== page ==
"Eye in the Sky" is fast becoming a reality for many states and municipalities as they turn to unmanned vehicles -- or drones -- for law enforcement, surveillance, emergency response or monitoring traffic, among other uses.
While privacy concerns about spying on Americans and difficulty in promulgating federal regulations have slowed the pace of implementation of unmanned flying equipment, experts in the field say the day is coming soon when drones will be flying routinely. In fact, the Federal Aviation Administration (FAA) is in the process of drafting rules to govern the initial testing for use of the drones, due by this summer. A full set of regulations is expected to be in place by 2015.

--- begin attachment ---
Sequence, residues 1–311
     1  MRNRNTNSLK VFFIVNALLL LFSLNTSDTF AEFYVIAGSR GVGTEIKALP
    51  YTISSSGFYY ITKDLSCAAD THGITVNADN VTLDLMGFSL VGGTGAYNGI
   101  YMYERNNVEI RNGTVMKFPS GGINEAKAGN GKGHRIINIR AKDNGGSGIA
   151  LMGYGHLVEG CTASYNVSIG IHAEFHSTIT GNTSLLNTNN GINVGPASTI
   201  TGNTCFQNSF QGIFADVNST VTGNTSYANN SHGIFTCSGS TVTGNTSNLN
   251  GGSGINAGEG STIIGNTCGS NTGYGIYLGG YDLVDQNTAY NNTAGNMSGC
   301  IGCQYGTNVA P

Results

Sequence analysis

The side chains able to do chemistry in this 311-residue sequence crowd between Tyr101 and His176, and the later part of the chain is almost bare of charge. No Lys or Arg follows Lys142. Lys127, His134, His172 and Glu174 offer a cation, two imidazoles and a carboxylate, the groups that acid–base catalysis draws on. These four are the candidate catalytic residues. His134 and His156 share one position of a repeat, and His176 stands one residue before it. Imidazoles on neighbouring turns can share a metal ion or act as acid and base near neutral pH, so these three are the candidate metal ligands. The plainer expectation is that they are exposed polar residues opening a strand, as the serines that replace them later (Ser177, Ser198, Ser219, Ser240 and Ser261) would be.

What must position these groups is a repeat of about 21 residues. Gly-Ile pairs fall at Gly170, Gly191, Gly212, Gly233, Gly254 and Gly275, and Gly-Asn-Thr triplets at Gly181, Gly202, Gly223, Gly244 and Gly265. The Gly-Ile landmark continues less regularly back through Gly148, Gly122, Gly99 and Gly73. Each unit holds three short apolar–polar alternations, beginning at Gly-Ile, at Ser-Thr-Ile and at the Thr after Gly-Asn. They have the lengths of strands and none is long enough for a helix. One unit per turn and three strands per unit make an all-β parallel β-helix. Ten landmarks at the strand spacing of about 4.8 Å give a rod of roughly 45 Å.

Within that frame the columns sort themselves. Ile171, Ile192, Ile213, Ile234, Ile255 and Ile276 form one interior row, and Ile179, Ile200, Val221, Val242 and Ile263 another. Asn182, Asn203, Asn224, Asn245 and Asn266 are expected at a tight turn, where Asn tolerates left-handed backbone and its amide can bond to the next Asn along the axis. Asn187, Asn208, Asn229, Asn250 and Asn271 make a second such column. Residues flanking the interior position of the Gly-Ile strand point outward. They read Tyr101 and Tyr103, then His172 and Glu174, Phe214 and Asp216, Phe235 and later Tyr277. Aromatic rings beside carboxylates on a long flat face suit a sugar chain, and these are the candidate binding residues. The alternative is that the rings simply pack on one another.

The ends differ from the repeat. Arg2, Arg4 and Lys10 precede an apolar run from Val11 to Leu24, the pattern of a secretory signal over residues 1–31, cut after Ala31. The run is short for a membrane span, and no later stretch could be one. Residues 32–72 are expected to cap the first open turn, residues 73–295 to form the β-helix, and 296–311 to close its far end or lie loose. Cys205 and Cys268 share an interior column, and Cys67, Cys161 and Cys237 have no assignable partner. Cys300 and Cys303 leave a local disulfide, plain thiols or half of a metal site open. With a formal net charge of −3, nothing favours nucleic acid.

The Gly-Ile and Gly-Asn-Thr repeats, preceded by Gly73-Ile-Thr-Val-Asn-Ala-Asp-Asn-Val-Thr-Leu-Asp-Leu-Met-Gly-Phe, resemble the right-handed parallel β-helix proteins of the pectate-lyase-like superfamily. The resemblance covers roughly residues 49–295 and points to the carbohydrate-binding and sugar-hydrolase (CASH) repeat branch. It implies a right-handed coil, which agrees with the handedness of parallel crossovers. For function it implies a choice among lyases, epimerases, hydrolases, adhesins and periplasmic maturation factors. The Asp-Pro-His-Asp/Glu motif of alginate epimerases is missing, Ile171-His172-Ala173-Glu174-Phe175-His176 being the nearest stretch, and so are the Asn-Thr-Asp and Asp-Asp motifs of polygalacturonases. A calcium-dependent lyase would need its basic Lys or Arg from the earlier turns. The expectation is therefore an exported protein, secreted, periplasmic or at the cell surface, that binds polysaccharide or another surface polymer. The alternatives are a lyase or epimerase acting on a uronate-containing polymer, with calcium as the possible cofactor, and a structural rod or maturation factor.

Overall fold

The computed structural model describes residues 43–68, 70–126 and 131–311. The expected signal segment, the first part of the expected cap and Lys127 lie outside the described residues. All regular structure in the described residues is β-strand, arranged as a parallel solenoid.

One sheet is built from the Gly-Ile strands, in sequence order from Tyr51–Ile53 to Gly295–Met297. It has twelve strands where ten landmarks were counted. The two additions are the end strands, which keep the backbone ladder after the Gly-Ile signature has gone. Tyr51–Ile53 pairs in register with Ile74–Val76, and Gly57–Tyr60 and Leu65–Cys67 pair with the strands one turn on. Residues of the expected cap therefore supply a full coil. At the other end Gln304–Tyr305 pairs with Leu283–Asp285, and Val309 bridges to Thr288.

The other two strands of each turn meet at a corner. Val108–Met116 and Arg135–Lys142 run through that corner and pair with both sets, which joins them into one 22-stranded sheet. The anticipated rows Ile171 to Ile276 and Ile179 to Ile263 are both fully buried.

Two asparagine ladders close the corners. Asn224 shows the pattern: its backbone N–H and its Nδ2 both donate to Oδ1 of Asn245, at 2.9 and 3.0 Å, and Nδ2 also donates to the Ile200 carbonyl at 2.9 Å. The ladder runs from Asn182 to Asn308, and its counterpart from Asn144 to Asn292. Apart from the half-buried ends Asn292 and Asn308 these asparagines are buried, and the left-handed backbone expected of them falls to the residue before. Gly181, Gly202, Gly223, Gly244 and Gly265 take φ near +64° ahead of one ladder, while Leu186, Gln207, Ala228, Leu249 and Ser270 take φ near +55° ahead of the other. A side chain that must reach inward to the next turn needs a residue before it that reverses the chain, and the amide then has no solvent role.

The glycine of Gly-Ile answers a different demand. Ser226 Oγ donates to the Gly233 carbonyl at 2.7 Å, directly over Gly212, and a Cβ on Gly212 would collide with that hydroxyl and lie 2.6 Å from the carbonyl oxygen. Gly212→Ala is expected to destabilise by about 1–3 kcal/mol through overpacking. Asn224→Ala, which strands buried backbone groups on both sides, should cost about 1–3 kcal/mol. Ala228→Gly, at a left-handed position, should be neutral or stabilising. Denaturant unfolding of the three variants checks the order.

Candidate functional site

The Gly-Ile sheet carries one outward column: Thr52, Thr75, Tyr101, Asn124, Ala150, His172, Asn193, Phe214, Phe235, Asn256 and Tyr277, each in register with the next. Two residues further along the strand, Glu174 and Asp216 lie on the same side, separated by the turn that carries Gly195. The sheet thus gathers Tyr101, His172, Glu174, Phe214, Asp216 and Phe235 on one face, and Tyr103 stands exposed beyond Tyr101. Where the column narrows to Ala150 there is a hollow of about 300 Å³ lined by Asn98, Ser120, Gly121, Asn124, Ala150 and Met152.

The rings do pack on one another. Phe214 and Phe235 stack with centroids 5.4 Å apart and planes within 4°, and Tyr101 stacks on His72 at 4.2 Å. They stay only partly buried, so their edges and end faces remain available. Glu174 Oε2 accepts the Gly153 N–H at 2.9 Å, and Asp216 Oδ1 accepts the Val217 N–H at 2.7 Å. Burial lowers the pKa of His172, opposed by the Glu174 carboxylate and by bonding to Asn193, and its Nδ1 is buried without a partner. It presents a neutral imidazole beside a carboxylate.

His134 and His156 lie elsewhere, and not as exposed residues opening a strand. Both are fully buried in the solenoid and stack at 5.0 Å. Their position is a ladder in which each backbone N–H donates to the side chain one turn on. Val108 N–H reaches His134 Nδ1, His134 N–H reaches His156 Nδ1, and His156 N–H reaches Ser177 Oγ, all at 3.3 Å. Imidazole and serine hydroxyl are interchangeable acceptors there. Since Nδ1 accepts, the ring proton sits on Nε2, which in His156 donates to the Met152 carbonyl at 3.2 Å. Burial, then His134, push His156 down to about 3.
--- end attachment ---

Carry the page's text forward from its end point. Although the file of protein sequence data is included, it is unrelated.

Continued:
Meanwhile, many jurisdictions have received approval to begin using the drones. In Seattle, for example, the city police department has received approval to employ drones in law enforcement -- a key use for many cities contemplating the devices. Seattle police say they are training officers in how to fly them.
In the Washington, D.C., area, Fairfax County Police Chief David Rohrer said on WTOP radio's Ask the Chief
program recently that drones will be patrolling the Washington Beltway -- infamous for its massive traffic jams -- in the next few years.
"Just as ... an alternative for spotting traffic and sending information back to our VDOT (Virginia Department of Transportation) Smart Traffic centers, and being able to observe backups," he said.